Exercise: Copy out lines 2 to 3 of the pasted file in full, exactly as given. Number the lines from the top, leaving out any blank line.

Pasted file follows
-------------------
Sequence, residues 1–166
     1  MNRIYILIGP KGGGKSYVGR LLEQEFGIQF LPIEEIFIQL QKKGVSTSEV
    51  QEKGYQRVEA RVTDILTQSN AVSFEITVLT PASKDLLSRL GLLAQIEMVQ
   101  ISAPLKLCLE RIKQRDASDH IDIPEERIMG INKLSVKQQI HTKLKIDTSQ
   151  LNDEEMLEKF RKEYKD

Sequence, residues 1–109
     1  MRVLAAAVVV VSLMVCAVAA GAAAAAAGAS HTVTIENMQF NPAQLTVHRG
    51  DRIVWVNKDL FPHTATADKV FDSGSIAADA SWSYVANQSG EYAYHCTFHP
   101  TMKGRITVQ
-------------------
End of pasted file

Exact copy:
     1  MNRIYILIGP KGGGKSYVGR LLEQEFGIQF LPIEEIFIQL QKKGVSTSEV
    51  QEKGYQRVEA RVTDILTQSN AVSFEITVLT PASKDLLSRL GLLAQIEMVQ